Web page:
August 25, 2017 / 5:25 AM / a year ago

UPDATE 1-Japan automaker Subaru cuts profit forecast on mounting Takata recall costs

* Subaru to book $741 mln special loss at H1 results

* Cuts FY net profit forecast to 228.5 bln yen from 285.0 bln yen

* Says expects to be unable to make Takata compensation claims (Adds details of Subaru’s recall-related costs)

TOKYO, Aug 25 (Reuters) - Subaru Corp slashed its full-year profit forecast by a fifth as the Japanese automaker expects to book a special loss stemming from higher costs linked to the global recall of airbag inflators made by Takata Corp, which has filed for bankruptcy.

The maker of the Forester and Outback models said it sees a special loss of 81.3 billion yen ($741.45 million) and now expects full-year net profit to come in at 228.5 billion yen, down from a previous forecast for 285.0 billion yen and lower than last year’s 282.4 billion yen.

In May, Subaru said that as of March, it had accrued expenses of around 73.5 billion yen related to the recall of Takata inflators.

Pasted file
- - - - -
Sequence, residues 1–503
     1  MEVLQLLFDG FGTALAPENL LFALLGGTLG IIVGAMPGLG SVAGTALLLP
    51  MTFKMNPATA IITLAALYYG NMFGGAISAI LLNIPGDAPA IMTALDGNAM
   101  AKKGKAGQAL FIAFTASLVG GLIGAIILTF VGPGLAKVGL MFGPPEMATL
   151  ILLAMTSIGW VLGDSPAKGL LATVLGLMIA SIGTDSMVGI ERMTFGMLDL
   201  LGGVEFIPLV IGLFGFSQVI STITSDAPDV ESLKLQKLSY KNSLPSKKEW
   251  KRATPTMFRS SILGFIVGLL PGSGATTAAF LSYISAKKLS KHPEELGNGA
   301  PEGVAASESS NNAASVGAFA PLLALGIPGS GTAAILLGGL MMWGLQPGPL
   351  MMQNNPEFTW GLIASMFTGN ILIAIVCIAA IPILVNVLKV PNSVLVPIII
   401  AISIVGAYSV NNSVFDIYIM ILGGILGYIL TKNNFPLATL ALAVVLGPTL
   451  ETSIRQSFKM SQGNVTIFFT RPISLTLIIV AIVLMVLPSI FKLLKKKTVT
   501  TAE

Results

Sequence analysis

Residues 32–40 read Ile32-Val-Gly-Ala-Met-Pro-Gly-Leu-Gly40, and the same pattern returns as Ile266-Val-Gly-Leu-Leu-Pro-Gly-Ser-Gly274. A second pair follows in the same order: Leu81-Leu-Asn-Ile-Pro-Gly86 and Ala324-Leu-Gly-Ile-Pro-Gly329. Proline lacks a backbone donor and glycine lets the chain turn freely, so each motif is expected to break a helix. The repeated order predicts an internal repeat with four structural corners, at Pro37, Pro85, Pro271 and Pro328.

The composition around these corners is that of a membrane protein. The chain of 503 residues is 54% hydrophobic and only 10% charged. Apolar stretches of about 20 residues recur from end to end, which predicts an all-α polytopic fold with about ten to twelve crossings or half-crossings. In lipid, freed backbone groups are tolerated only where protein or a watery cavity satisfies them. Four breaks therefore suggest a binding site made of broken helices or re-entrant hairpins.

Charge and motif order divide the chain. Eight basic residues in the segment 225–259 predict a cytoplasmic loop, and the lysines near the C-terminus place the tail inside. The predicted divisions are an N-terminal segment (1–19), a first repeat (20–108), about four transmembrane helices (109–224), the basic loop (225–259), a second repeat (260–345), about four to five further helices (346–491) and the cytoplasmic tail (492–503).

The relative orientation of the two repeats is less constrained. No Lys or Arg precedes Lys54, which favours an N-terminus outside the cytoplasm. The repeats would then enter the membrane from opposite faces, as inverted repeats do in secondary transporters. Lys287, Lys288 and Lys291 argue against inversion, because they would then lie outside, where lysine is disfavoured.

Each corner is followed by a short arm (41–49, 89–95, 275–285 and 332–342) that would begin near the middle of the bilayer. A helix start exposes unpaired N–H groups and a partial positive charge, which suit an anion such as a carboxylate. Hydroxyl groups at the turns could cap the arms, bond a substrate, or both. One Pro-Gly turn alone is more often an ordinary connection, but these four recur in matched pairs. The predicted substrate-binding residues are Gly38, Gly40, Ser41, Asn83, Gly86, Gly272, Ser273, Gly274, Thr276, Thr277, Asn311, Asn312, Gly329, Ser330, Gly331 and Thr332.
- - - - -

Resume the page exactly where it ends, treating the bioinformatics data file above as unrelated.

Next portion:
Based on global recalls announced so far, Subaru now expects recall-related costs to total 154.8 billion yen, covering around 4.7 million inflators installed in its cars which have been or may be slated for recall.

“As a result (of Takata’s bankruptcy protection filings) the company expects that in principle it will be unable to make any claims for compensation against Takata Corporation and TK Holdings Inc,” Subaru said in a statement on Friday.

Analysts have estimated industry-wide costs to recall the defective inflators at around $10 billion. Automakers have paid much of these costs so far, while they also face inflator liability claims from customers.

Takata, which is at the centre of the auto industry’s biggest-ever product recall, filed for bankruptcy protection in the United States and Japan in June, and said it had agreed for most of its operations to be acquired for $1.6 billion by the Chinese-owned U.S.-based Key Safety Systems.

Its air bag inflators have been linked to at least 18 deaths and 180 injuries around the world because they can rupture and send metal fragments flying. ($1 = 109.6500 yen) (Reporting by Naomi Tajitsu and Maki Shiraki; Editing by Muralikumar Anantharaman)

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